Marco Werman: I'm Marco Werman, you're tuned to The World, back with you after two weeks away, and yes, I was on vacation. But honestly, it was hard to unplug from the headlines, especially with the horrible news coming out of the Mid East. We'll start with what's happening in Gaza today. There's a lull in the fighting there now, in part because of the end of Ramadan. Happy Eid Al Fitr, by the way. We'll hear later on The World about how Islam and astronomy converge to decide when that festival begins and ends, but first that pause in the fighting in Gaza. A 12-hour break this weekend gave William Booth, a foreign correspondent with the Washington Post, a chance to get into the hardest hit areas of Gaza to assess the damage. He took a smartphone as a notepad to record what he saw.
William Booth: In Shajai'ya, we saw whole apartment blocks leveled, huge bomb craters, impassable roads, lots of dead animals, lots of smells of dead people still in the rubble. What was shocking to us â€” and to the people of Gaza who walked back into these neighborhoods, who had been gone a couple of days â€” was the scale and the extent. It was not just a house here or a house there as we'd seen earlier, but it was like, just, a whole block shot up.
Werman: During the heavy fighting when this destruction occurred, where were you? Hunkered down in a hotel?
Booth: We weren't hunkered in the hotels. We could move around pretty well. But in some of the areas of the heaviest fighting, kind of on the fringes, like the frontline right along the Gaza fence, where there were Israeli tanks, those areas were too dangerous to go into deeply until Saturday.
Werman: What was that like for you? You're now going to be introduced to these areas that you had been hearing the concussions happening; major destruction perhaps, but you didn't really know. What was going through your mind before you headed out to these really rough zones like Shajai'ya?
Booth: Well, it's one of these things where you're getting closer and closer to the place and you're starting to see the first bits of damage and then heavier damage. At this point, you're off on foot, so you have to leave the cars behind because the roads were impassable and you start walking and you see a house down and then another house down and a bigger house down, and then you turn a corner or one of your colleagues does or one of the Gaza people are waving at you and you turn the corner and you're just gobsmacked by some scene of destruction that is larger than you had anticipated. It's not just a small family house down, it's like a big apartment block or a big crater, and so you just kind of march through and you use your iPhone 5 and you take pictures and you take notes and then you try to grab people on the street to do quick interviews with. But at the same time, you're trying to move fairly quickly and efficiently because at any point these ceasefires have ended. So both for the reporters and for the people in Gaza, there's like a "Hurry up." People are moving fast. People aren't gathering and having conversations on the street or taking moments to do things - like the people in Gaza are just going in and getting their stuff.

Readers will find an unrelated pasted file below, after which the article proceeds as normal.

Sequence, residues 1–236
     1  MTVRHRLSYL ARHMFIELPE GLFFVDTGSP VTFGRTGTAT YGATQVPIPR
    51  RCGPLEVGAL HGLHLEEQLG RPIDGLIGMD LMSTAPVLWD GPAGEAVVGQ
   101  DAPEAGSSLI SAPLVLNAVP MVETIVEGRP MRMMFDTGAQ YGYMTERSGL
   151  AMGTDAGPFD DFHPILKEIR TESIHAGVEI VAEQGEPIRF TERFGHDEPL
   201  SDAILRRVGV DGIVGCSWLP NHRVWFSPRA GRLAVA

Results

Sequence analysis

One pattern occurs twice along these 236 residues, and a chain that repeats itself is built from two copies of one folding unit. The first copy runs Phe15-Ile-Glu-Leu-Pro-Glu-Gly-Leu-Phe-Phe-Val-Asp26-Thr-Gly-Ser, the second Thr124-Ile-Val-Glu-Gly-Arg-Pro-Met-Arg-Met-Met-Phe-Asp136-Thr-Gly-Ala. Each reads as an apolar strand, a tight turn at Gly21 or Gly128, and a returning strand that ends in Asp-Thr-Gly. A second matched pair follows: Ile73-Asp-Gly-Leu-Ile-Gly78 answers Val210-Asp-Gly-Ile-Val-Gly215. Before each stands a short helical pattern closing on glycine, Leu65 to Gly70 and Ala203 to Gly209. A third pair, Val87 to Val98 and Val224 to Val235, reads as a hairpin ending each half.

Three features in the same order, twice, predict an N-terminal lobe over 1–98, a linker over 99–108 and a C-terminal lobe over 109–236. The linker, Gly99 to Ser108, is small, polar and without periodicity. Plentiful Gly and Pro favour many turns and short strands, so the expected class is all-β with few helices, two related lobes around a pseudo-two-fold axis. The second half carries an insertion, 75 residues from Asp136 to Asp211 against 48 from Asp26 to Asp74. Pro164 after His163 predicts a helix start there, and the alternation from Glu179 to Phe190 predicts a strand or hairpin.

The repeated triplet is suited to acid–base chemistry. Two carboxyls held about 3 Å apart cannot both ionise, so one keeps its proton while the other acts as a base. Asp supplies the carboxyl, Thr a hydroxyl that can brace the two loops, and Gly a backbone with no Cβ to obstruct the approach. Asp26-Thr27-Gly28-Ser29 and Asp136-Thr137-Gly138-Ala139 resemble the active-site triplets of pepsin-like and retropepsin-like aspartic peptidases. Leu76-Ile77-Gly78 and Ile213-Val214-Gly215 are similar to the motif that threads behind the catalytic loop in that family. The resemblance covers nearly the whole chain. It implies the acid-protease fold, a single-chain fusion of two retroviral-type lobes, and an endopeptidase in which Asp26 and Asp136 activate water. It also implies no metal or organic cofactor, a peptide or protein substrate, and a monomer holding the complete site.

Werman: In those few moments, those few minutes where those residents of these places like Shajai'ya and Beit Hanoun, are kind of looking at the damage, overseeing it, how are they reacting?
Booth: I was surprised by the silence, that the streets were quiet, that you didn't hear people wailing and yelling and shouting about the Israelis. People were shocked and they were stunned. There was a quiet maybe also because the cars couldn't get up, so you're just kind of walking along this rubble-strewn street, looking into houses and buildings that aren't really there anymore and seeing all these things that you see in war, like dead animals or someone pulling some pitiful object like a bag of rice or a beaten up 1980's version television from the rubble or trying to get everyone's attention to bring a bulldozer in because they think somebody is lying inside the house and they can't get at them.
Werman: You were seeing whole apartment buildings brought down, whole city blocks turned into craters. Is it clear to you how the Israeli-declared strategy of surgically pinpointing targets actually works in Gaza?
Booth: I think at the beginning of the 3-week campaign things were much more surgical, much more precision strike and in the last days the Israelis changed their rules of engagement. Earlier we saw surgical strikes where literally the target of the Israeli strike would be some guy sitting on a couch in a corner room on the second story and they hit that couch on the second story of that apartment. What we saw in the last few days was whole blocks down.
Werman: Foreign correspondent William Booth with the Washington Post speaking with us from Jerusalem. William, thanks so much.
Booth: Any time. Thank you.